Only days after a definitive victory at the polls, the New Orleans library landscape was making news again—but this time it was the Foundation, not the library itself, and the news was not good. On May 5, an investigative report by correspondent David Hammer for local New Orleans station WWL-TV revealed that between 2012 and 2013 Irvin Mayfield and Ronald Markham, who then served on the board of the New Orleans Public Library (NOPL) Foundation as chair and president, respectively, gave the New Orleans Jazz Orchestra (NOJO) at least $863,000 in funding originally made to the NOPL Foundation. At that time both Mayfield and Markham were also drawing annual salaries of $100,000 apiece from the nonprofit NOJO, Mayfield as its founder and artistic director and Markham as president and CEO.
New Yorkers turned out in force at City Hall on May 15 for a lunchtime rally and press conference protesting the deep cuts to library funding outlined in Mayor Bill de Blasio’s FY16 Executive Budget. The proposed budget, released May 7, allocated $313 million for the city’s public libraries—down a full $10 million from FY15, and $65 million less than 2008. A full budget restoration to pre-recession levels would allow libraries across New York City’s three systems to provide core programs and services, and keep neighborhood branches open six days a week, advocates argued. Libraries are also requesting $1.4 billion in capital funding over the next ten years in order to make documented infrastructure repairs.
New Orleans voters went to the polls on May 2 and showed their love for their library system, approving a raise in property taxes that will add up to $8.2 million a year for the New Orleans Public Library (NOPL). A whopping 75 percent of voters approved—a margin of more than 9,000 votes. Starting in January 2016, the 25-year, 2.5-mill property tax increase will allow some branches to extend operating hours to seven days a week, and will help rebuild the 7th Ward’s Nora Navra Library, damaged in Hurricane Katrina.
CT-VTlogoOther than the proximity of the two New England states, the library systems of Connecticut and Vermont don’t have much in common. They don’t share similar funding arrangements or infrastructure. But both states are facing potential budget reductions that could significantly impact their public libraries, and both have called on residents and legislators alike to speak up for their library services.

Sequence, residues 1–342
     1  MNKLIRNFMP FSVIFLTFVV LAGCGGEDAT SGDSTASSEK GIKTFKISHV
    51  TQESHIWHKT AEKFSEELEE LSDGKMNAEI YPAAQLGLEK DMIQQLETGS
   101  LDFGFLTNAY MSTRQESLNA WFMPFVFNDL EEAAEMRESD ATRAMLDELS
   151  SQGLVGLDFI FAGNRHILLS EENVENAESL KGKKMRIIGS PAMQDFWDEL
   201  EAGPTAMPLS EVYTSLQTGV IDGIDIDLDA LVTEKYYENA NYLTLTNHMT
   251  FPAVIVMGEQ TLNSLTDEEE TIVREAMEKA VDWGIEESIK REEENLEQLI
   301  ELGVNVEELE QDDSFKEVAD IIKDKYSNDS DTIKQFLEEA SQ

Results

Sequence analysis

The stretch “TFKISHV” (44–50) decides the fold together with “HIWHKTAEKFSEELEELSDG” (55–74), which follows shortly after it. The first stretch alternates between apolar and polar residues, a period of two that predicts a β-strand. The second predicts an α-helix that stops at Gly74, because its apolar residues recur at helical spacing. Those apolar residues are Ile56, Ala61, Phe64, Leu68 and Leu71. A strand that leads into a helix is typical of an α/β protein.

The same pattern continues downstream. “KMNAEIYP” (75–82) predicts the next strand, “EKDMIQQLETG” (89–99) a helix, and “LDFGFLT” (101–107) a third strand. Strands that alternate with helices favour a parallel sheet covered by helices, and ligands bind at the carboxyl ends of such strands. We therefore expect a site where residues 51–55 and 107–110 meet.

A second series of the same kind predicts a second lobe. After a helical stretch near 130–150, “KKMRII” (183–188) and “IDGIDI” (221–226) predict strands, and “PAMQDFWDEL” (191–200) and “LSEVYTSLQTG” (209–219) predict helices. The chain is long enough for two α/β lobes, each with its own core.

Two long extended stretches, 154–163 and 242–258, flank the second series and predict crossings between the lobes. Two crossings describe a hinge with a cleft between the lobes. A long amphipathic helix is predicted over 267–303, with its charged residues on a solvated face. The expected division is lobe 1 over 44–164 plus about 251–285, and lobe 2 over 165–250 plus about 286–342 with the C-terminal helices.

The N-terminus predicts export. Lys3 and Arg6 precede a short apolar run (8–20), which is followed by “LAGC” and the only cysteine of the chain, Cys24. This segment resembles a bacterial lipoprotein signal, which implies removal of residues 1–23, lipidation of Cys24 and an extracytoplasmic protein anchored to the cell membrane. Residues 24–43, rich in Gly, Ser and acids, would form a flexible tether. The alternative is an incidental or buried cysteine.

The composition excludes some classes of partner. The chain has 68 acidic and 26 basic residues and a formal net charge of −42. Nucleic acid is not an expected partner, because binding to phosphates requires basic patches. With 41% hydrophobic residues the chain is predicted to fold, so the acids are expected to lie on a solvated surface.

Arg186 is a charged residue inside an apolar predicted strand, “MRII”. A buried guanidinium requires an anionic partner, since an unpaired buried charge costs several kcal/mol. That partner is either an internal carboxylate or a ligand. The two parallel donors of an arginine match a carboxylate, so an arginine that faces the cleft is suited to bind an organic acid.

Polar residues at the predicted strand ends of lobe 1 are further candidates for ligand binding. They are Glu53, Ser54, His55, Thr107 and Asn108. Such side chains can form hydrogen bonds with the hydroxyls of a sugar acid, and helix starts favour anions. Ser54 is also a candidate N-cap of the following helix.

Sweet Briar College, a 114-year-old women’s liberal arts school in Amherst County, VA, counts among its graduates author Elaine Dundy, class of 1943; film critic Molly Haskell, class of 1961; and U.S. ambassador to Hungary Colleen Bell, class of 1989. No doubt members of the class of 2015 will go on to great things as well. But there may be no class of 2016. On March 3, interim president James F. Jones Jr. announced that the college would close after the summer session, a statement that shocked most of the Sweet Briar community.
Library officials across Kentucky exhaled with relief on Friday, March 20, after the state Court of Appeals ruled that systems in two northern counties correctly and legally set their annual tax rate based on a decades-old law that allows revenue to be raised without voter approval. The decision reversed two lower-court verdicts and means the Campbell and Kenton County systems will not have to roll back their tax rates 35 years or more, which would have triggered staff layoffs, branch closures, and other draconian cuts.
New Orleans residents will go to the polls on May 2 to vote on a proposed new library millage which, if adopted, would pump an additional $8.25 million annually into a system that officials say is underfunded and barely holding the line on current services thanks to a reserve fund that will run dry in 2016.